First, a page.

Format

Send to

Choose Destination
J Clin Epidemiol. 2000 Apr;53(4):377-83.

Dealing with missing data in observational health care outcome analyses.

Author information

1
The Alberta Provincial Project for Outcome Assessment in Coronary Heart Disease "Approach," 8111 1st Floor ABC, 8440-112 Street, Edmonton, Alberta, Canada. cnorris@approach.org

Abstract

Observational outcome analyses appear frequently in the health research literature. For such analyses, clinical registries are preferred to administrative databases. Missing data are a common problem in any clinical registry, and pose a threat to the validity of observational outcomes analyses. Faced with missing data in a new clinical registry, we compared three possible responses: exclude cases with missing data; assume that the missing data indicated absence of risk; or merge the clinical database with an existing administrative database. The predictive model derived using the merged data showed a higher C statistic (C = 0.770), better model goodness-of-fit as measured in a decile-of-risk analysis, the largest gradient of risk across deciles (46.3), and the largest decrease in deviance (-2 log likelihood = 406.2). The superior performance of the enhanced data model supports the use of this "enhancement" methodology and bears consideration when researchers are faced with nonrandom missing data.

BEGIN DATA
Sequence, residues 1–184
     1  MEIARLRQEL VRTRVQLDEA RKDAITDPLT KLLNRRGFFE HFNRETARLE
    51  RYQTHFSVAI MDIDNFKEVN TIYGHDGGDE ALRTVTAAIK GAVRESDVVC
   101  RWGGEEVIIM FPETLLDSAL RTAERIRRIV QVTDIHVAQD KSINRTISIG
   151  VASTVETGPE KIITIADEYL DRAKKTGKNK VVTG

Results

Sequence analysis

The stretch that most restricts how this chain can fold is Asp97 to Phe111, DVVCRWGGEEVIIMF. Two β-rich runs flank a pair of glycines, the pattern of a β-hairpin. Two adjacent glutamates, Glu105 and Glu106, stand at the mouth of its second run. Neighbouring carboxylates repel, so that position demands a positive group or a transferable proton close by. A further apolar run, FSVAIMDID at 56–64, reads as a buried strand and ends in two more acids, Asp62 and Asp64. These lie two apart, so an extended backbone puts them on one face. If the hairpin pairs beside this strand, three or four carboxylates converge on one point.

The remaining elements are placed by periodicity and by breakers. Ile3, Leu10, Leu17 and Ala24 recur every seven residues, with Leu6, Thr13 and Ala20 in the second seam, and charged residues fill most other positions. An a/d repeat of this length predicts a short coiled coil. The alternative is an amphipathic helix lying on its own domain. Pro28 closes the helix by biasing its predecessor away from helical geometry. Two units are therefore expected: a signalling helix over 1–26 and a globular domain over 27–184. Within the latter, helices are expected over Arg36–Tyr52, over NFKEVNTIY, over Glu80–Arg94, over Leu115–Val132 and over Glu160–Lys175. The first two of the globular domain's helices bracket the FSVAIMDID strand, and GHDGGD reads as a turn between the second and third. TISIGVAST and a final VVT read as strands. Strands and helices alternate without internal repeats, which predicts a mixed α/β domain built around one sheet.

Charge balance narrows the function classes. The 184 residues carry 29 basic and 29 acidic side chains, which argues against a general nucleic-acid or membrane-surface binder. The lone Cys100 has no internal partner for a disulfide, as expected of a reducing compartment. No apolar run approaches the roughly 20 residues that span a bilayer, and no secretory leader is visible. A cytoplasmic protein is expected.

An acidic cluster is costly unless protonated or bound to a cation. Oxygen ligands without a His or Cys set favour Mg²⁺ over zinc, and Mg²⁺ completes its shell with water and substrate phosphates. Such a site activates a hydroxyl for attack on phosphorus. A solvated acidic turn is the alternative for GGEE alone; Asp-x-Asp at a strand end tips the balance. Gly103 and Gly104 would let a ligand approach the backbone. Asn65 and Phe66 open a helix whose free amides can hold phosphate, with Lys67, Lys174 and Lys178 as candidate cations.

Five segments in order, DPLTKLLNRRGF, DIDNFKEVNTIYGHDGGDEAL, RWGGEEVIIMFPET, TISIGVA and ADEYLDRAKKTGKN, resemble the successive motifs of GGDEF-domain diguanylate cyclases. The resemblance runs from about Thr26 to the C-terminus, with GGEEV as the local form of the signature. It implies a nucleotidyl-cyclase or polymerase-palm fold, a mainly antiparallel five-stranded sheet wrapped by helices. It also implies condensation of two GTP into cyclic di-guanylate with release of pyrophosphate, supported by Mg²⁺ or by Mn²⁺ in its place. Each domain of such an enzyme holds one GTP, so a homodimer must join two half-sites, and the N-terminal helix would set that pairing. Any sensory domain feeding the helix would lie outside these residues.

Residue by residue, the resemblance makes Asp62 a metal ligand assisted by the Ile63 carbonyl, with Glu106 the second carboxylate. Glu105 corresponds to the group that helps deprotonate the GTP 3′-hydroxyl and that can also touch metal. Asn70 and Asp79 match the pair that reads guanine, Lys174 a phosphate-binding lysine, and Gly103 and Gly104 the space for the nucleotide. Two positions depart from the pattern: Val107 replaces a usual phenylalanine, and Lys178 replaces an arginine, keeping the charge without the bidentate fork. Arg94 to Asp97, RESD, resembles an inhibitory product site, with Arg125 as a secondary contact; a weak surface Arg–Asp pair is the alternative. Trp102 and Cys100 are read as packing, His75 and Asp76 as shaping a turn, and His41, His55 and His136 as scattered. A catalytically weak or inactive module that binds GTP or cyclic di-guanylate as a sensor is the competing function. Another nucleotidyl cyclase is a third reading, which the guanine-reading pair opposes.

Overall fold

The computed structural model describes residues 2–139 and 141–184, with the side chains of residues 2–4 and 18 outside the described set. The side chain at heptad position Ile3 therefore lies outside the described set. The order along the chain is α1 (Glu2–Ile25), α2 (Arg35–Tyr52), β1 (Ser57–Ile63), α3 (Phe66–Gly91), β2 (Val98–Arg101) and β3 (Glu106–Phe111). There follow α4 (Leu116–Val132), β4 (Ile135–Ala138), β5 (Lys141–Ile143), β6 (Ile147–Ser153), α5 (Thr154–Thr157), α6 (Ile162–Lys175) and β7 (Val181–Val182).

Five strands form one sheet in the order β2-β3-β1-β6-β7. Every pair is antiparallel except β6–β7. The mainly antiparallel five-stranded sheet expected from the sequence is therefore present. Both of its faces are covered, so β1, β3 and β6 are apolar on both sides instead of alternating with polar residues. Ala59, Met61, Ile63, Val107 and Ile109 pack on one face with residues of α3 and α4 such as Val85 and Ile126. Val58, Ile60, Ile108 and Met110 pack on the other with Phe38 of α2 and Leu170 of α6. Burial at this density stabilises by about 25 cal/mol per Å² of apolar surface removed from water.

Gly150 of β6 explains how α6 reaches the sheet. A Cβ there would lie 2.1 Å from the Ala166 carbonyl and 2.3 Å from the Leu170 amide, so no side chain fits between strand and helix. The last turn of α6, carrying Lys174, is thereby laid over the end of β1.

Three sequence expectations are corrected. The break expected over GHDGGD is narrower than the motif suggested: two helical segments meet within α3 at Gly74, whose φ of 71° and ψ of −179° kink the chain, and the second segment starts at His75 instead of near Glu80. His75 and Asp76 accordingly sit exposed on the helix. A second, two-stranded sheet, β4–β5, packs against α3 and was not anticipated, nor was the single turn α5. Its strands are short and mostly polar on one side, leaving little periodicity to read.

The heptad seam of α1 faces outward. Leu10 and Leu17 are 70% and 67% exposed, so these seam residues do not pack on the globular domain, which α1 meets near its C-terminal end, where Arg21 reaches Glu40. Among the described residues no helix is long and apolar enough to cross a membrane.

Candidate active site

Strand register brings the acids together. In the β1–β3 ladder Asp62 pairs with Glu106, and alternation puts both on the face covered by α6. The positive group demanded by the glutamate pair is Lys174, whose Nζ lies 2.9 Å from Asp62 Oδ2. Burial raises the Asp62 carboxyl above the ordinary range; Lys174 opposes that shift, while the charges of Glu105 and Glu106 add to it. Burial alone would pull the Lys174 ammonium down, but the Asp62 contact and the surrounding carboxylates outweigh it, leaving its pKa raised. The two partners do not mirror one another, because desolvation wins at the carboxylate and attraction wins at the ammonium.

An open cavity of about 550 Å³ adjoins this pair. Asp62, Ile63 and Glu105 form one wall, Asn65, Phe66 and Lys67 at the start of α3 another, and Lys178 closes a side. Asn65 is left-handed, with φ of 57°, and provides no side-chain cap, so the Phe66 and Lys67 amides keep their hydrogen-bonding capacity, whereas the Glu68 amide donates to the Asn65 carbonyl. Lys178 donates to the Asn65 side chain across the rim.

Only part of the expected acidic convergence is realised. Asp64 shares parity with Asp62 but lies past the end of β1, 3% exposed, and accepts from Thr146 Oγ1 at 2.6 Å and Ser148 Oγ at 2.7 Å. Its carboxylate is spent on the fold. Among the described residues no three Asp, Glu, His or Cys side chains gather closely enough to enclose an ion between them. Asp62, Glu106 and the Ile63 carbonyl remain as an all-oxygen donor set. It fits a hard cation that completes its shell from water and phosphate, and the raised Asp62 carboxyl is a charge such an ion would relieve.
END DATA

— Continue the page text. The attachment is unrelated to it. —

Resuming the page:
PMID:
10785568
DOI:
10.1016/s0895-4356(99)00181-x
[Indexed for MEDLINE]

Supplemental Content

Full text links

Icon for Elsevier Science
Loading ...
Support Center